But move on it. The software, usually priced at $69.95, is only free until December 25.
Posted by John Nelson at 8:31 AM
Tuesday, December 14, 2010
|A Website with Student Video Essays|
Posted by John Nelson at 10:40 PM
Monday, December 13, 2010
|Look at the curves on those rear quarter-panels!|
Posted by John Nelson at 3:37 PM
Sunday, December 12, 2010
|The sun comes up after our snowstorm|
Saturday, December 11, 2010
|Winter arrives in full.|
Posted by John Nelson at 10:48 AM
Thursday, December 09, 2010
|My sailor-knit hat, courtesy of the wife.|
Wednesday, December 08, 2010
The news this morning from China would serve as a wake-up call if enough people aren't groggy enough from checking the new Facebook layout to see what that third-grade pal had for breakfast. These Shanghainese kids are staking their claim to be the best-educated students in the world, according to a test, the Program for International Student Assessment, that was first administered there this year, following its use in countries across the world. An article on the NYTimes describes how these 15 year old students topped the list in reading, math, and science scores by a significant margin. Response from American officials was clear:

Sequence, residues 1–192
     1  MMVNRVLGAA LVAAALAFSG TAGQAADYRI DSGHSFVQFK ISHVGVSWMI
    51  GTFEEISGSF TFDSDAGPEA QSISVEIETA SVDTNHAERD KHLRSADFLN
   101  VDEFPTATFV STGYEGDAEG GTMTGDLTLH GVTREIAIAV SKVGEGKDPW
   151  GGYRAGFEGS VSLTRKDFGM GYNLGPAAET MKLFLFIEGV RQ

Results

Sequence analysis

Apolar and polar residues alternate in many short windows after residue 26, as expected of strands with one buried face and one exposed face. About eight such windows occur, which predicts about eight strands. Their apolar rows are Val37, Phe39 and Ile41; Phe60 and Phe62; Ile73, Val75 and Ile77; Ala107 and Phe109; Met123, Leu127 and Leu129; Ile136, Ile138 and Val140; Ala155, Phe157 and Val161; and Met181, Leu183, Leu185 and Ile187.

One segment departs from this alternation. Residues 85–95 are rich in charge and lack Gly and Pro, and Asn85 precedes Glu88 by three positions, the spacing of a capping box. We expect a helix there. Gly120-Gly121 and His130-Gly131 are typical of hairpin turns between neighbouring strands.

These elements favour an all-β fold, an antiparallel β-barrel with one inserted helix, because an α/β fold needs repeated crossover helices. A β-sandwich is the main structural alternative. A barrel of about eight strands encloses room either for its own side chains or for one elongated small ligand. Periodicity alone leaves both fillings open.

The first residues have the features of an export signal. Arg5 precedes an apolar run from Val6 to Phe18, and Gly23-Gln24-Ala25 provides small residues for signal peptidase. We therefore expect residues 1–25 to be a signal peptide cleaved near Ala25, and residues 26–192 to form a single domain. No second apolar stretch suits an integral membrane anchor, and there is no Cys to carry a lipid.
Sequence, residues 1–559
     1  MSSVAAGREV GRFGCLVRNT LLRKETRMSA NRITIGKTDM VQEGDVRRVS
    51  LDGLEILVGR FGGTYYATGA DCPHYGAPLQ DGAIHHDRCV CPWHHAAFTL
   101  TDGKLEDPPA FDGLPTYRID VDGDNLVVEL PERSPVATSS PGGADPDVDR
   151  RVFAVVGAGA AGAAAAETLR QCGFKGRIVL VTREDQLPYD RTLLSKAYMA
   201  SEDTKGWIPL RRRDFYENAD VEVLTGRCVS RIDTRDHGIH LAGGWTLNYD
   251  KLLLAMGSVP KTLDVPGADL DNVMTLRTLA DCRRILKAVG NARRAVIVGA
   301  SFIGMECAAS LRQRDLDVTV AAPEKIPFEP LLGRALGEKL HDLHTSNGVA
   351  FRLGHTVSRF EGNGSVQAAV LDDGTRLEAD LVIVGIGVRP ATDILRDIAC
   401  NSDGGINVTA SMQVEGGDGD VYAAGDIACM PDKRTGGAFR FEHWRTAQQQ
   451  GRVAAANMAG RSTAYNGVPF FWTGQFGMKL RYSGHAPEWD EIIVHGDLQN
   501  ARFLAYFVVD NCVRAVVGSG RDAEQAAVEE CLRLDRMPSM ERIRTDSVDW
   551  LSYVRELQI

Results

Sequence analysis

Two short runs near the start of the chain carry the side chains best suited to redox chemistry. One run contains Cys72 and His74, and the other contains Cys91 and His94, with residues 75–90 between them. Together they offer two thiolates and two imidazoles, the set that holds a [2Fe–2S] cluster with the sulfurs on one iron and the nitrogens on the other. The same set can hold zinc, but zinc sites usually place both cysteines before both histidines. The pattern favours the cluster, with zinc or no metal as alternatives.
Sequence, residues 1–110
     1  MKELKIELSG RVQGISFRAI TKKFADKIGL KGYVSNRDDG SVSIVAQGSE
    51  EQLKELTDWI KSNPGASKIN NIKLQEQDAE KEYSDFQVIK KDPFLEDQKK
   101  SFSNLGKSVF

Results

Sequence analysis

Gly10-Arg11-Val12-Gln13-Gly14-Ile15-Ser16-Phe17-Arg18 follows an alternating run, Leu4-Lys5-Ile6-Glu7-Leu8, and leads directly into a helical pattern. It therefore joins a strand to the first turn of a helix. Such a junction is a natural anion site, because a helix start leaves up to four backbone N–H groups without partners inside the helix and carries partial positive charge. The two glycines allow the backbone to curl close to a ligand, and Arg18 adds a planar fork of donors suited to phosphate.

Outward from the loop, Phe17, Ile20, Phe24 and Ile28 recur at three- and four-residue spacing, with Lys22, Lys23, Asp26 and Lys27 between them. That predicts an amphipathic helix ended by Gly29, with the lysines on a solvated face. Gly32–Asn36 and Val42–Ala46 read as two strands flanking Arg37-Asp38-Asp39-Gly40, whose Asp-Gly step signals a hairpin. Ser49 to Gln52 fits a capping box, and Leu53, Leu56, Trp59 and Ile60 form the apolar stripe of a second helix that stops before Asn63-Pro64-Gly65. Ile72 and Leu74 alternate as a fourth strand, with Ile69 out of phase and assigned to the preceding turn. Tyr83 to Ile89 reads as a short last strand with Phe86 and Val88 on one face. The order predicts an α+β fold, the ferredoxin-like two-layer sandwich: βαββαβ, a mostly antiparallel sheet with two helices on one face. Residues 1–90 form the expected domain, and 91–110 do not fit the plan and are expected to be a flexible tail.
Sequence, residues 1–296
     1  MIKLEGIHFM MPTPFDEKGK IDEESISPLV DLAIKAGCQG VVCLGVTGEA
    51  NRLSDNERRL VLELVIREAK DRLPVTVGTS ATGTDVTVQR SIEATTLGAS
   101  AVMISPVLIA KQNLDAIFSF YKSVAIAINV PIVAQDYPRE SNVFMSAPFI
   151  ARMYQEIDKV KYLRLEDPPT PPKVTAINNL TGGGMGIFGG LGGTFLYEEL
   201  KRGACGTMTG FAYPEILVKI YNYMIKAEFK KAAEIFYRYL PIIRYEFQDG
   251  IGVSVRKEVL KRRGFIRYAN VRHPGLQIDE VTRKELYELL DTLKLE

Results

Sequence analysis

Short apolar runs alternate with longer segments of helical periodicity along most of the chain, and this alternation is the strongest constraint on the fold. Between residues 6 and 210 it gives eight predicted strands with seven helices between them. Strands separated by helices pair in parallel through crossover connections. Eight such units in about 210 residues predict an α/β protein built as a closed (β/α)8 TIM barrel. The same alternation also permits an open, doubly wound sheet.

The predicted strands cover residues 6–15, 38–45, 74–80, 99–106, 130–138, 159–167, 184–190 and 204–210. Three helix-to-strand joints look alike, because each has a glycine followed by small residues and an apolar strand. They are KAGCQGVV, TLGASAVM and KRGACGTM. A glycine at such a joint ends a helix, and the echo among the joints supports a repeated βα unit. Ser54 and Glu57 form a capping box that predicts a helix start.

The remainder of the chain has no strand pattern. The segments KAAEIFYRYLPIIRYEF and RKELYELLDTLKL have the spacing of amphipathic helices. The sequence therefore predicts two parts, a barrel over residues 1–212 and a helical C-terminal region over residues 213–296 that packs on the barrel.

What next? More cuts in education for South Dakotans and other states throughout the country.“We have to see this as a wake-up call,” Secretary of Education Arne Duncan said in an interview on Monday.“I know skeptics will want to argue with the results, but we consider them to be accurate and reliable, and we have to see them as a challenge to get better,” he added. “The United States came in 23rd or 24th in most subjects. We can quibble, or we can face the brutal truth that we’re being out-educated.”
Tuesday, December 07, 2010